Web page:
I was thinking along the same lines. If news stations (including websites) unanimously put out a message where the killer was unnamed, all images of them blurred out, and highlighted them as a delusional person now unable to get any help we might get somewhere.

            And 80% of Americans want improved background checks. Fixing that system is just good democracy at this point.

            5 votes
            1. teaearlgraycold
              Link Parent
              Now to make a logical jump which needs to be substantiated - were this a primary cause it would explain why the conversation is often pushed to either restricting gun ownership or focusing on...

              Now to make a logical jump which needs to be substantiated - were this a primary cause it would explain why the conversation is often pushed to either restricting gun ownership or focusing on mental health. The same people that report on proposed solutions are the ones that might be curtailed by a no-naming law. Maybe news outlets aren't keen to front-page a story about how news outlets need federal restrictions on reports for mass shootings.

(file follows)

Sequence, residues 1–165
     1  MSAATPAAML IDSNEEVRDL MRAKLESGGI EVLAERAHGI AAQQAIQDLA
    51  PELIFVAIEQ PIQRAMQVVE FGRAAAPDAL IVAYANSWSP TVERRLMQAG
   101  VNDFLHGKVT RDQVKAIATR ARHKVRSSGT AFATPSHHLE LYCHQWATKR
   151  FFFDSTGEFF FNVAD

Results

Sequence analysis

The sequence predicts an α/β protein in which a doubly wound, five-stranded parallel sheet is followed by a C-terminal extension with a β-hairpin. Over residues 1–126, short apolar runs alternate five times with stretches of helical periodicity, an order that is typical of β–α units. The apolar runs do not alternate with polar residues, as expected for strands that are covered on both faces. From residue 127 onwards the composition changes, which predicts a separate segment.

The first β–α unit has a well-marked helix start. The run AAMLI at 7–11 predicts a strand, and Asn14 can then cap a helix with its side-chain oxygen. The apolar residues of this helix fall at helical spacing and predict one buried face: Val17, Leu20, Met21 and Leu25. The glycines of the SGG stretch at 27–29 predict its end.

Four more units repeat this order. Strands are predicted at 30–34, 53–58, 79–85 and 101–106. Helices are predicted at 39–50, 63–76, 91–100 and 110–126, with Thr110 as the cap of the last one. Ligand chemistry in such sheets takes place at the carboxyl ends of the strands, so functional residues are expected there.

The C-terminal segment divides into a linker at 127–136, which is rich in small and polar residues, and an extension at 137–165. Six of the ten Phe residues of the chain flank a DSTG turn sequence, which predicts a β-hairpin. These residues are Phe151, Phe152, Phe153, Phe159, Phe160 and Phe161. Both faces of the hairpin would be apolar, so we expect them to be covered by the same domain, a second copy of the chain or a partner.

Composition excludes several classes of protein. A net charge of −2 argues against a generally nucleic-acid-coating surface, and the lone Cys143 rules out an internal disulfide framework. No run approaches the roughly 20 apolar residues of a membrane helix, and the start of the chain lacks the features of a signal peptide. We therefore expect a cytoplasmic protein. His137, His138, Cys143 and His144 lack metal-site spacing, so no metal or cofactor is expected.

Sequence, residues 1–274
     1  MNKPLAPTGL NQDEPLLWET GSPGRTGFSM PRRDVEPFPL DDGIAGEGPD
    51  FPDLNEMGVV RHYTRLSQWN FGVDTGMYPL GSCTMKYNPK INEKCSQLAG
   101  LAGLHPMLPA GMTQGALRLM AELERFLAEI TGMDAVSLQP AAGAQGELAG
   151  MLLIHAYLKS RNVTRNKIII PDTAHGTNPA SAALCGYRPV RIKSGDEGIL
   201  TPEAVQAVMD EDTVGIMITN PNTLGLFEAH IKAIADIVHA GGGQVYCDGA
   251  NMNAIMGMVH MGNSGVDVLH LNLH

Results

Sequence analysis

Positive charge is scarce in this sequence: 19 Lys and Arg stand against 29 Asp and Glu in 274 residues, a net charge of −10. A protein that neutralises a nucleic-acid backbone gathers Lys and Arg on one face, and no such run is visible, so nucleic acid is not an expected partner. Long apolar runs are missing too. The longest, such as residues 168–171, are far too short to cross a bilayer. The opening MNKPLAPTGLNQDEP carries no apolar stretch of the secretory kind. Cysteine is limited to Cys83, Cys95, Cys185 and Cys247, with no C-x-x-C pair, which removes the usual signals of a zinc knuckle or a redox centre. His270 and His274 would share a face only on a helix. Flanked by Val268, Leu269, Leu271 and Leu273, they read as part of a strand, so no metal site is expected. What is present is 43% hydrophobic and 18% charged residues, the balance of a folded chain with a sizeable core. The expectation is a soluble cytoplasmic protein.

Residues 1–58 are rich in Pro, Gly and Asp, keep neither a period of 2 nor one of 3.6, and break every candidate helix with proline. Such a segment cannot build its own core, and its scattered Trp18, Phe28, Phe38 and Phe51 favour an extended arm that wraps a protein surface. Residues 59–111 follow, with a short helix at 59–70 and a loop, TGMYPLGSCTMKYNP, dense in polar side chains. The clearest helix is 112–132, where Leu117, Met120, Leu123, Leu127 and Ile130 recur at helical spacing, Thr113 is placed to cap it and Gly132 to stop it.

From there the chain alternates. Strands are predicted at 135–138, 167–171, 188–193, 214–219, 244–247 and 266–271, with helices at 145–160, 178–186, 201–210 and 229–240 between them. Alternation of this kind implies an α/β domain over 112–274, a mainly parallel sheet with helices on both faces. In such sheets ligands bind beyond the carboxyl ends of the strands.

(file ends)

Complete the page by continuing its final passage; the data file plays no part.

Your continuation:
That's where I'll end this stream of thought. I've already made too many keyboard-warrior leaps of faith off of little information. I've read a lot of conspiracy theory BS and I feel as though I'm speaking in those same tones now.

    4. [2]
      nothis
      Link Parent
      I doubt any country has these kinds of mental health capabilities available for schools (haven’t checked statistics, though, maybe I’m wrong?). The main difference is gun culture. And maybe how...

      I doubt any country has these kinds of mental health capabilities available for schools (haven’t checked statistics, though, maybe I’m wrong?). The main difference is gun culture. And maybe how society treats loners in general, I dunno.

      2 votes
      1. HotPants
        (edited )
        Link Parent
        You are probably right that no other country focuses heavily on identifying troubled teens at school, but most western countries don't really need to. Other western countries have less severe...

        You are probably right that no other country focuses heavily on identifying troubled teens at school, but most western countries don't really need to.